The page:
Exchange Traded Funds

In recent years, funds have become an important investment product for newcomers, which enjoys great popularity worldwide.

But not only newcomers to the market rely on Exchange Traded Funds (ETFs) – even Warren Buffett is an avid follower of the index funds.
American stock-market guru Warren Buffett has earned over $ 60 billion in private wealth for more than 60 years. And that’s because he outperformed the US market’s index fund for years through his equity investments. Buffett has now decreed that his wife after his death, a large part of his assets on the listed index fund S & P 500 sets. For years, the big investor has been in favor of the “Exchange Traded Funds” (ETFs). For him, the modern form of investment is particularly promising because it is easier and, above all, cheaper for investors than actively managed funds The ETFs have long since begun their triumphant advance on the international financial markets.

Since the year 2000 ETFs are also tradable on the German stock exchange via the secondary market. In the meantime, the assets managed in the index funds in Germany have grown to more than € 250 billion; More than 2.5 trillion euros are invested worldwide in the approximately 5,000 different ETFs. Although significantly higher sums of money are invested in actively
managed investment funds, ETF assets are growing rapidly at an average of 20 percent per year – a clear sign that the importance of passive savings plans is steadily increasing ETFs are fundamentally different from traditional mutual funds: with actively managed funds, the investor gives the responsibility to a fund manager who is trying to achieve the most profitable result. An ETF maps the index he describes one to one. 

For example, if the DAX rises by three points, the associated ETF will gain almost the same amount; If the DAX loses three points, the ETF also falls. The ETF price deviates only marginally from the index due to the so-called “tracking error”. This is simple but ingenious because while the fund manager can make the wrong decisions when choosing the investment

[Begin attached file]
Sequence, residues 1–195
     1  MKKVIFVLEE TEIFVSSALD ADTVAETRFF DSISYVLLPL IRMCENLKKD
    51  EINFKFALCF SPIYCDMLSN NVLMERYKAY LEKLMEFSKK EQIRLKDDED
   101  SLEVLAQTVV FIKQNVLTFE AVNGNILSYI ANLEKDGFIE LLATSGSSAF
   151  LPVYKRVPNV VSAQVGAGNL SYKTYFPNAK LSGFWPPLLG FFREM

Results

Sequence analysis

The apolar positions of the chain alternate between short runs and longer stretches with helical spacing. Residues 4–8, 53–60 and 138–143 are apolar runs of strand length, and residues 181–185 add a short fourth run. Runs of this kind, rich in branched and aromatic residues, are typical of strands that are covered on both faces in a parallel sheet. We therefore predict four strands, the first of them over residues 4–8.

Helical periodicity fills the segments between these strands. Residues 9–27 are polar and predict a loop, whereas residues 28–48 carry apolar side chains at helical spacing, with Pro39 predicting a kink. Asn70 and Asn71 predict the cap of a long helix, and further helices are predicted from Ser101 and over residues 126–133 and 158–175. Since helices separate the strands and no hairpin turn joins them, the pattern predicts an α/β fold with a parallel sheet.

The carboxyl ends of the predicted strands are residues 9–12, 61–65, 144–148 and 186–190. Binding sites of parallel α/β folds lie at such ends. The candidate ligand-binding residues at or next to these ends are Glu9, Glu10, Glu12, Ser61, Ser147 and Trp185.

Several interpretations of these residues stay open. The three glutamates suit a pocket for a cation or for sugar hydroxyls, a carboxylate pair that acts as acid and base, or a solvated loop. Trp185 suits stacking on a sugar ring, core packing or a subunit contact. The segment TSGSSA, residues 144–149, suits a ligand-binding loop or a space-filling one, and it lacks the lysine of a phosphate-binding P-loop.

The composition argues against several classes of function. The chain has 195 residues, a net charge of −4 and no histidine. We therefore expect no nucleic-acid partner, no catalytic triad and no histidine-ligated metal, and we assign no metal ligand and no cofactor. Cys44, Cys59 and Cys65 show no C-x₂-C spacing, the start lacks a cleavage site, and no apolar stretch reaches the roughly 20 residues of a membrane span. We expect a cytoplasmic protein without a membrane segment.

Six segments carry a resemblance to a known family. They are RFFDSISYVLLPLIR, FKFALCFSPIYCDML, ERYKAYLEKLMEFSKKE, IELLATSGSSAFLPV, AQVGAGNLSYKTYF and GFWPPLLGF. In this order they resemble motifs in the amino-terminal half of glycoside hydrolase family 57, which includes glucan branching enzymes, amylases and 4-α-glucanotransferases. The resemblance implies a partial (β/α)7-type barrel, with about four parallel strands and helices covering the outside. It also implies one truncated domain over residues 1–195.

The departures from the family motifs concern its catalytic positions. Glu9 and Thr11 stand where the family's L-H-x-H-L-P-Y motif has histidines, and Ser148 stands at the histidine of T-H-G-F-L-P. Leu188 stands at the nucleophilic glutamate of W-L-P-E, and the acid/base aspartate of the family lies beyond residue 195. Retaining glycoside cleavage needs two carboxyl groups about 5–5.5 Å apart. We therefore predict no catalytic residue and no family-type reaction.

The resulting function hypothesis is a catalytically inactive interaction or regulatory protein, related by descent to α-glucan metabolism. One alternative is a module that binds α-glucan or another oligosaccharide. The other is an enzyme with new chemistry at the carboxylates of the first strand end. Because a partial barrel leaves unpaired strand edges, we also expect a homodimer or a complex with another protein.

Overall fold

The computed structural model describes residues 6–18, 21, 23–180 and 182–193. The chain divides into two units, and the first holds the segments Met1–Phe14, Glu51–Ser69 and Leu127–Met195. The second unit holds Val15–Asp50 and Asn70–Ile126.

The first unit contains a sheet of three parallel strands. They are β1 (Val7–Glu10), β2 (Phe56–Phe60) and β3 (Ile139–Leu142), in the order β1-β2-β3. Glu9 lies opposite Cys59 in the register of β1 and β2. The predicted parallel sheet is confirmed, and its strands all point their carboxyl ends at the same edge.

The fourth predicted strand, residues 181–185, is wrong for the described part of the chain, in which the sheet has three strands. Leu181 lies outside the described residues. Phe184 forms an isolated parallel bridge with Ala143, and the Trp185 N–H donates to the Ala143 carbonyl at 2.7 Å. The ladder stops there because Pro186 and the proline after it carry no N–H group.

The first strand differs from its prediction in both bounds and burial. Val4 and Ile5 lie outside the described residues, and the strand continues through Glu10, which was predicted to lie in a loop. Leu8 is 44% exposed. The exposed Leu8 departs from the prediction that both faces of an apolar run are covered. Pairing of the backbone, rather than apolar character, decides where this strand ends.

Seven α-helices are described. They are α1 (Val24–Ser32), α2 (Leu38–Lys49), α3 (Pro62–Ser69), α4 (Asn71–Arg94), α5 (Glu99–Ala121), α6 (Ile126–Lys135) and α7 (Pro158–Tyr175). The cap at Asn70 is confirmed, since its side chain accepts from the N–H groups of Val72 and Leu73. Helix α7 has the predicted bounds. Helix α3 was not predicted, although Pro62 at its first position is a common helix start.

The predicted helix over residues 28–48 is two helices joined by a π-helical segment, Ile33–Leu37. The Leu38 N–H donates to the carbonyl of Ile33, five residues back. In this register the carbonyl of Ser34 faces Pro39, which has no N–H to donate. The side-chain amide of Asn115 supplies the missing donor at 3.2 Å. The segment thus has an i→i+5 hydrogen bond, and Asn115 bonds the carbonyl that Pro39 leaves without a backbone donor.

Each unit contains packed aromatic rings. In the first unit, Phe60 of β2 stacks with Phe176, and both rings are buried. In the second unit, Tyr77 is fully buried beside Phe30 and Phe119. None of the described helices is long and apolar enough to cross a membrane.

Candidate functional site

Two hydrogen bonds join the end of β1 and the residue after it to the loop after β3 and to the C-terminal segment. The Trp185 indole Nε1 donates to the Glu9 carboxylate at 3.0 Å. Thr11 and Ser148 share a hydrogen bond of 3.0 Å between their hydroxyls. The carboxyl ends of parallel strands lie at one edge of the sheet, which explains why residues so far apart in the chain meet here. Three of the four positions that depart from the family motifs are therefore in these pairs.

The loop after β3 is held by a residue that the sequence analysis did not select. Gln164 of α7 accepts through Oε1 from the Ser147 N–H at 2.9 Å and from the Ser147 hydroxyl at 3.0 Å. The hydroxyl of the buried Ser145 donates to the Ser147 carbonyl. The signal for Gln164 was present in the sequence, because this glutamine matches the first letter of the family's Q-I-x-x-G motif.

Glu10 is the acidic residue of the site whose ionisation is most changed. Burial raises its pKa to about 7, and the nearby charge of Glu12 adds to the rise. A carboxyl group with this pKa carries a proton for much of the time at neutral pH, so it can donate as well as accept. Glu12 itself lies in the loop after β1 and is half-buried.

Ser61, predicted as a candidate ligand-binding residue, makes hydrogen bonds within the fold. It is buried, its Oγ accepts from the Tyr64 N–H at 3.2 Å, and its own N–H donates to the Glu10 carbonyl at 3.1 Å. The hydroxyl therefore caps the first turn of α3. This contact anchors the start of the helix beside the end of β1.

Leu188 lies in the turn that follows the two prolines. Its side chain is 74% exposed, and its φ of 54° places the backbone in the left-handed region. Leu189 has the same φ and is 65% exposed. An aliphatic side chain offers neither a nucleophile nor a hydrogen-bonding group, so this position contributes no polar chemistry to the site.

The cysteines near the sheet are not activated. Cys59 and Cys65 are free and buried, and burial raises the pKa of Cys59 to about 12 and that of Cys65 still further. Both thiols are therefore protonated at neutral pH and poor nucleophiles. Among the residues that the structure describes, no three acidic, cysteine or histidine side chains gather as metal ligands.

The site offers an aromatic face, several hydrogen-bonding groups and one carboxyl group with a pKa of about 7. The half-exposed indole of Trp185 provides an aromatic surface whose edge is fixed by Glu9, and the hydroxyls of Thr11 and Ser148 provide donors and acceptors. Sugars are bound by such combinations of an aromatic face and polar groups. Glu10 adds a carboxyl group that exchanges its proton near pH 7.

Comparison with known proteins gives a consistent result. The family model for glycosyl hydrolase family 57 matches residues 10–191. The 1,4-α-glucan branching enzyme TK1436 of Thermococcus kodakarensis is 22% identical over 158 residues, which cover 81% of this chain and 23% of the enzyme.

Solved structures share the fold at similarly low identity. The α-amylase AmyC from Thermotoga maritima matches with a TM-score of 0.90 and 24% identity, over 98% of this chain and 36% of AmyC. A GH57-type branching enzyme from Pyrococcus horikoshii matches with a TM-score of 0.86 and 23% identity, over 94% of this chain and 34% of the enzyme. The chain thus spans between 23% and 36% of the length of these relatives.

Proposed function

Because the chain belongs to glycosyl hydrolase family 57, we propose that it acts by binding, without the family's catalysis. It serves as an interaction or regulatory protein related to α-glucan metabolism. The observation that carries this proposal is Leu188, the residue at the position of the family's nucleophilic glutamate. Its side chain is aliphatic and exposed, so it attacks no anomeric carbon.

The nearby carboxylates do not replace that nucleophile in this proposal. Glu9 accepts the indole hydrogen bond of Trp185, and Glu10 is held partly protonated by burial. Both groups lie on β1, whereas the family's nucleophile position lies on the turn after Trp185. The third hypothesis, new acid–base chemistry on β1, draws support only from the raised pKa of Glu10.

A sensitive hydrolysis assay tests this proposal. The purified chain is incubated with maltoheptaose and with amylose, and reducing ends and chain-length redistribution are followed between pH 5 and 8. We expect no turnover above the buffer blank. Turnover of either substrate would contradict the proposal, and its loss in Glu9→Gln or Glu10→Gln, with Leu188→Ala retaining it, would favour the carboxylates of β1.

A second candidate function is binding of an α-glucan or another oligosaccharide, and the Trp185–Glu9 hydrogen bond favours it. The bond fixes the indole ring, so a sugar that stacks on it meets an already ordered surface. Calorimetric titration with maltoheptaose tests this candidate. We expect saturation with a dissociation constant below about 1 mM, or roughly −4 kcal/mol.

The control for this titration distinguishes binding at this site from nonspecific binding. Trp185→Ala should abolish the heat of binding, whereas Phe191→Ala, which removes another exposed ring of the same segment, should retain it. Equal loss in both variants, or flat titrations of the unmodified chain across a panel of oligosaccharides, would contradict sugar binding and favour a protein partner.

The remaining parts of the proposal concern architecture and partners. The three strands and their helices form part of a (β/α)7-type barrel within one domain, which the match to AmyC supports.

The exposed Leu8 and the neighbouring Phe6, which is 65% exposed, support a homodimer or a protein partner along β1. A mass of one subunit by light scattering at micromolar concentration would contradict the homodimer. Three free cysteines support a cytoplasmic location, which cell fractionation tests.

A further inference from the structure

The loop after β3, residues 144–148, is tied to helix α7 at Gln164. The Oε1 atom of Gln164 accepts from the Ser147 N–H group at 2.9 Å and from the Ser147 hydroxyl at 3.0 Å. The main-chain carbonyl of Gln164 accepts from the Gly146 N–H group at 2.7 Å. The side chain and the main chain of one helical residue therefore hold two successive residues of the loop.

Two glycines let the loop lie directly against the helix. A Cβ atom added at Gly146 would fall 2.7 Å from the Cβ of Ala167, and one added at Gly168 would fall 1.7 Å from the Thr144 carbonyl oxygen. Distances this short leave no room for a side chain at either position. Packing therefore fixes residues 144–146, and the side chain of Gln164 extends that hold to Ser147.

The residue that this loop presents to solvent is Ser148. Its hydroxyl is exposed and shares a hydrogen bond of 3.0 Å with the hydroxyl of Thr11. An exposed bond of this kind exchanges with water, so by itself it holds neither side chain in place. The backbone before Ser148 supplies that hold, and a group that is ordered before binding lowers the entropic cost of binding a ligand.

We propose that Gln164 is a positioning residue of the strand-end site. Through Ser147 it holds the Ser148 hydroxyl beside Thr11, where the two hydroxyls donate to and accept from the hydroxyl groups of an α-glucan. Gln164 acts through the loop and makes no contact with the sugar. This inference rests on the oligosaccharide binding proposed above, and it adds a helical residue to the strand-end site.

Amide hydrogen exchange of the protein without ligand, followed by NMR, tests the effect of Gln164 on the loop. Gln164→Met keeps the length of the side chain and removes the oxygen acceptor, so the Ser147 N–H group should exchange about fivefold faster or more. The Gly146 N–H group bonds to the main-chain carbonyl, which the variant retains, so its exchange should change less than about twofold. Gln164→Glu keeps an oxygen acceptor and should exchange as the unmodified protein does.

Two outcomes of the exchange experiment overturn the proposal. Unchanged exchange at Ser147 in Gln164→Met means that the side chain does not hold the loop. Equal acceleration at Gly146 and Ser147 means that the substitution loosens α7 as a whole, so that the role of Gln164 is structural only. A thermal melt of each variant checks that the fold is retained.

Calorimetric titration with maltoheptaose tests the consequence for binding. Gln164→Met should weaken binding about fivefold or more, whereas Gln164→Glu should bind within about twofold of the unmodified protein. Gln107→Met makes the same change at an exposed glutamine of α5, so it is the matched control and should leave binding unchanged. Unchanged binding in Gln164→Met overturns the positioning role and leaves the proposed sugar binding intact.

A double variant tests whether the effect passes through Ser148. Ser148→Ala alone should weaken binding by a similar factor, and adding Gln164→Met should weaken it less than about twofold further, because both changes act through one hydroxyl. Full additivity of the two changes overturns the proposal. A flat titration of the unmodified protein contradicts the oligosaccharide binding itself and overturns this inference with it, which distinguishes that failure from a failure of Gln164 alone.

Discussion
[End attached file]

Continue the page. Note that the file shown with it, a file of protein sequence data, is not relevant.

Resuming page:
and thus outperform the index, an ETF always moves in parallel to the index shown – even though he can never beat this, of course.

Often, ETFs are not only more successful than mutual funds, they also have significantly lower administration costs. Replicating an index involves much less effort than managing a classic fund. While an investor in active investment funds has to calculate ongoing transaction costs of one to three percent per year for ETFs, only a fraction of these costs are due. Issue or
redemption premiums and performance fees are usually not charged for index funds, but are commonplace for mutual funds. 

The low cost is just one of the reasons why ETFs are attracting more and more investors. The passively managed funds are also much more transparent than mutual funds. For an active fund, the composition of the securities and bonds and the approach taken are not necessarily directly recognizable.

Listed ETFs are particularly suitable for private investors who are looking to invest their money over the long term and continuously increase their profits. In addition, ETFs are easy to manage and a cost-effective way to age a bit. However, as with all investment products, investors should ask what they expect their investment and how willing they are to risk If you are looking for a low-risk and uncomplicated portfolio investment. Here’s where ETFs can help you!